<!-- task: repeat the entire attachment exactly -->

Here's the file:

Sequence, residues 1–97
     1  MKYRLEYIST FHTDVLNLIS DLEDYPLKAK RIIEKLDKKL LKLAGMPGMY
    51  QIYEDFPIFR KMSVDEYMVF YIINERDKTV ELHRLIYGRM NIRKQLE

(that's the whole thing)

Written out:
Sequence, residues 1–97
     1  MKYRLEYIST FHTDVLNLIS DLEDYPLKAK RIIEKLDKKL LKLAGMPGMY
    51  QIYEDFPIFR KMSVDEYMVF YIINERDKTV ELHRLIYGRM NIRKQLE